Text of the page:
What to do? Well, now it seems to me that the real questions that needed to be answered had to do with the non-material world, and it was only the eastern mystics that were speaking to that reality. I’ve been trying to figure it out ever since. I am going on 50 years now with the same question, though I’ve picked up a few things along the way that may be useful.


First, we must forgive ourselves. We have spent our formative years, from birth to our 20s, in growth and change of our emotional, spiritual, physical, and mental well-beings, along with learning to be with the dualities of it all. For example, ‘you can cross the street now because there are no cars coming, and you cannot cross the street now because there are cars coming’ or ‘this food is poison, this food is good…’ all of the realities that are in duality have to be learned in order for us to learn our way. At the end of it all, we find out that it is not the whole picture.


But, there are glimpses, and we have the opportunity to spend the rest of our lives trying to find the unitary consciousness that, I would say, lives in the world of glimpses. Where a glimpse is a sliver of understanding. I suggest that the way you get around this problem of duality requiring so much of our attention that the unitary consciousness being where we need to be spending our attention, you can use these glimpses as a jumping off point.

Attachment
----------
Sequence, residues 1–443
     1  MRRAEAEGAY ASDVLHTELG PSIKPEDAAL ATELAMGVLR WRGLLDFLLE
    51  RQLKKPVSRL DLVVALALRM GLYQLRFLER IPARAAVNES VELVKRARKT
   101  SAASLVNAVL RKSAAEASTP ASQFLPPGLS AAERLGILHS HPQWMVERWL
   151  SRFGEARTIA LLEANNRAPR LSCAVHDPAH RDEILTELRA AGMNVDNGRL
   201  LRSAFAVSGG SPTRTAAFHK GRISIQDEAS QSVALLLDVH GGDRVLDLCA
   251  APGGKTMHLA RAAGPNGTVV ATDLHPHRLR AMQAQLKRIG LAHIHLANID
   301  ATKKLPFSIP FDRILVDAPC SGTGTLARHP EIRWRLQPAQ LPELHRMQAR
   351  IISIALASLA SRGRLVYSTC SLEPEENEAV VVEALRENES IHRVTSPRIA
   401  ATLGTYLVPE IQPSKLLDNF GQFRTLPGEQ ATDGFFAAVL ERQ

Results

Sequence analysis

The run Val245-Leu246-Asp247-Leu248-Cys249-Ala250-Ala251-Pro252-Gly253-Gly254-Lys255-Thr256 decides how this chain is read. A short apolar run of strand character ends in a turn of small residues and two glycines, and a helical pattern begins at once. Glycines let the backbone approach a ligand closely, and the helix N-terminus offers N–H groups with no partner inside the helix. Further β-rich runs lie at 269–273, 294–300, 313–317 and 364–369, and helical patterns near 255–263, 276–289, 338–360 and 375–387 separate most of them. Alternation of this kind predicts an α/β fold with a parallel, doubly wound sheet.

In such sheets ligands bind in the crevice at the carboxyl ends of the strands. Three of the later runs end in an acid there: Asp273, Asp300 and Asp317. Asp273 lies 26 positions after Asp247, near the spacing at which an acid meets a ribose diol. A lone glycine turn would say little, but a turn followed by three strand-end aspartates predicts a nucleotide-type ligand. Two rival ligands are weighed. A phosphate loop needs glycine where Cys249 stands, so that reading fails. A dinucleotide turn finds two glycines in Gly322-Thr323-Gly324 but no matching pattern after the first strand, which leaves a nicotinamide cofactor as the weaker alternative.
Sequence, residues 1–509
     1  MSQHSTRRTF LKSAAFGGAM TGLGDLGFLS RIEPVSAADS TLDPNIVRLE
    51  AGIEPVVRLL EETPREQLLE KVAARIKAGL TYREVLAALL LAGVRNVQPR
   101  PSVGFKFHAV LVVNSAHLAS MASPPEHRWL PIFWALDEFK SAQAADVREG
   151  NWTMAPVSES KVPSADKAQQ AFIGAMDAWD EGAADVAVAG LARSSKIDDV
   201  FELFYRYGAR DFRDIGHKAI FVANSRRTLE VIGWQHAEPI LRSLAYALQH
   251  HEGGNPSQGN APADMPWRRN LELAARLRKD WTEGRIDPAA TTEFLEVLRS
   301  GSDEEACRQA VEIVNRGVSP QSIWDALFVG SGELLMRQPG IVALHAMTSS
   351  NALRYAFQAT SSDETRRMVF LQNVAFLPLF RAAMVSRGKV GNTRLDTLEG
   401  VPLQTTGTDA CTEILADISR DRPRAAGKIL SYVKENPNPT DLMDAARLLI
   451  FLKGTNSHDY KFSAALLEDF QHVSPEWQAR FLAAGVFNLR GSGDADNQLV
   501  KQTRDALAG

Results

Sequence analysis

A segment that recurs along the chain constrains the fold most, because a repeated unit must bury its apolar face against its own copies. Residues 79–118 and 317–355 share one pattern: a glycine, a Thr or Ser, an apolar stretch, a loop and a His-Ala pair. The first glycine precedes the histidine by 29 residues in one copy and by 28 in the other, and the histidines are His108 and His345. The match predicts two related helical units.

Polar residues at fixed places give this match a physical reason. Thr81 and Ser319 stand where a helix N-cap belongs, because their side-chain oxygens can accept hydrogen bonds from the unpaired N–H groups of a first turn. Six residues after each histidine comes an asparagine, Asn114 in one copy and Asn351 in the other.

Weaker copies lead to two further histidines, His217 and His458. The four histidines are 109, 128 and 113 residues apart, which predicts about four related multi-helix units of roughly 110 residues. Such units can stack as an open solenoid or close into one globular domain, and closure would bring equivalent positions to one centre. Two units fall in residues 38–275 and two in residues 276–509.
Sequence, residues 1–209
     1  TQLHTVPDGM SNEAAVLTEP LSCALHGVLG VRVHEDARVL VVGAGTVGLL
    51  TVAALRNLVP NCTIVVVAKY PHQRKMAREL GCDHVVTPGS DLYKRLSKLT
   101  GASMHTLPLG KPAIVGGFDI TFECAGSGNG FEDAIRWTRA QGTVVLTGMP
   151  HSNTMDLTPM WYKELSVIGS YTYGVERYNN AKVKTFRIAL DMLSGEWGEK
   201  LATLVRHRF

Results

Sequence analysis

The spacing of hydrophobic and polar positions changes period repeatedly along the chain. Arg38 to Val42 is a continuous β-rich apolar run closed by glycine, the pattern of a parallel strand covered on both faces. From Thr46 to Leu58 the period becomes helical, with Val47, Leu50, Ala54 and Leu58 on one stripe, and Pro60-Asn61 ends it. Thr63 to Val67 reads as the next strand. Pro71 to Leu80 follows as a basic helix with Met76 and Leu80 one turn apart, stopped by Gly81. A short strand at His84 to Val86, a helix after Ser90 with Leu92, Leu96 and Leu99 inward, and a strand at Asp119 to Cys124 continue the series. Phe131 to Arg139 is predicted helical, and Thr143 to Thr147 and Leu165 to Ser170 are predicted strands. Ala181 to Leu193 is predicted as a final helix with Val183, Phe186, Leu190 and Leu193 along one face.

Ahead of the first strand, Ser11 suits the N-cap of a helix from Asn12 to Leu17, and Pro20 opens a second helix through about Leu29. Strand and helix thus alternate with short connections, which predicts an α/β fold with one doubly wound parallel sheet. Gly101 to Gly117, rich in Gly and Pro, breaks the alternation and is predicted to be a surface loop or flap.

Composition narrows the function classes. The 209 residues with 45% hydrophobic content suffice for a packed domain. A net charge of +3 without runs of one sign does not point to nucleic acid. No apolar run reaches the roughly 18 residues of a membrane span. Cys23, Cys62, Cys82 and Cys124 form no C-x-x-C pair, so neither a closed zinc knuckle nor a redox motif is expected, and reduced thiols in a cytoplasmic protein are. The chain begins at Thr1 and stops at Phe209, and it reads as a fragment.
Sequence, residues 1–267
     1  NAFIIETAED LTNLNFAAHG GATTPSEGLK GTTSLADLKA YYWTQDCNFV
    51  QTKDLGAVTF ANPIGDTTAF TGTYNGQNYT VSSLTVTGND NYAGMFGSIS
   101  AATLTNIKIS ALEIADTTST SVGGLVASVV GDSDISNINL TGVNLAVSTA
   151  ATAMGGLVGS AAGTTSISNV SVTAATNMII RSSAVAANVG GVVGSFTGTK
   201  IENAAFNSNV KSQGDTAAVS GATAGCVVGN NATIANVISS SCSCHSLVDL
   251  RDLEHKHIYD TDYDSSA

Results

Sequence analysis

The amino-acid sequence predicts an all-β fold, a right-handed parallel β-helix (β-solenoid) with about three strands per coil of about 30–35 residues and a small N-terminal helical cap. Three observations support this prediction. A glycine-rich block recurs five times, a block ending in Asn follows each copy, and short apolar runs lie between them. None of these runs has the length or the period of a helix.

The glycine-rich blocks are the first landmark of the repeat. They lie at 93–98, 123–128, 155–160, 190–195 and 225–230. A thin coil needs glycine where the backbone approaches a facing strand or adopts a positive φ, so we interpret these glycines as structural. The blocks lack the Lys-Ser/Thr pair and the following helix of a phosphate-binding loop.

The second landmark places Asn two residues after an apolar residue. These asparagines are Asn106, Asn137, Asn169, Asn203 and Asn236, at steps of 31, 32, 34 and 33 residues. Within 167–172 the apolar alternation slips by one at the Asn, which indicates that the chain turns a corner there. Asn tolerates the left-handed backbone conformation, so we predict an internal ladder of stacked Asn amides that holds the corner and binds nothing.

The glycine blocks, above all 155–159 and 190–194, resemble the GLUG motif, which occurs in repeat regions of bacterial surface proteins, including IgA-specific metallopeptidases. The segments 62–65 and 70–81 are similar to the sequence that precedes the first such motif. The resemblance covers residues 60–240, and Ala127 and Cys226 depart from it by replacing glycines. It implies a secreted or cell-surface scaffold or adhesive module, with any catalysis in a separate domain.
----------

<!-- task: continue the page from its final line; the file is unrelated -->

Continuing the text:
I am sure that most of you can actually give me some of the ways in which you glimpse the unitary consciousness. The experience of empathy with my brother was probably my first glimpse, where I came to understand not only that I had an empathic reaction to my brother that was not observable, but if you multiplied that empathetic reaction with all the people and living beings in the world, that eventually gets you to the unitary consciousness. It is a little bit like a couple degrees of freedom away from where you would know everyone in the world, like you are a “couple degrees away from the unitary consciousness.” That “when you experience this empathy, whether the person is in front of you or not, you are connecting to that unitary consciousness.” What I not suggest is that you take that moment, and you live in it, take a deep dive and stay with it, because now you get to know and [acquaint] yourself with that Cosmic Force.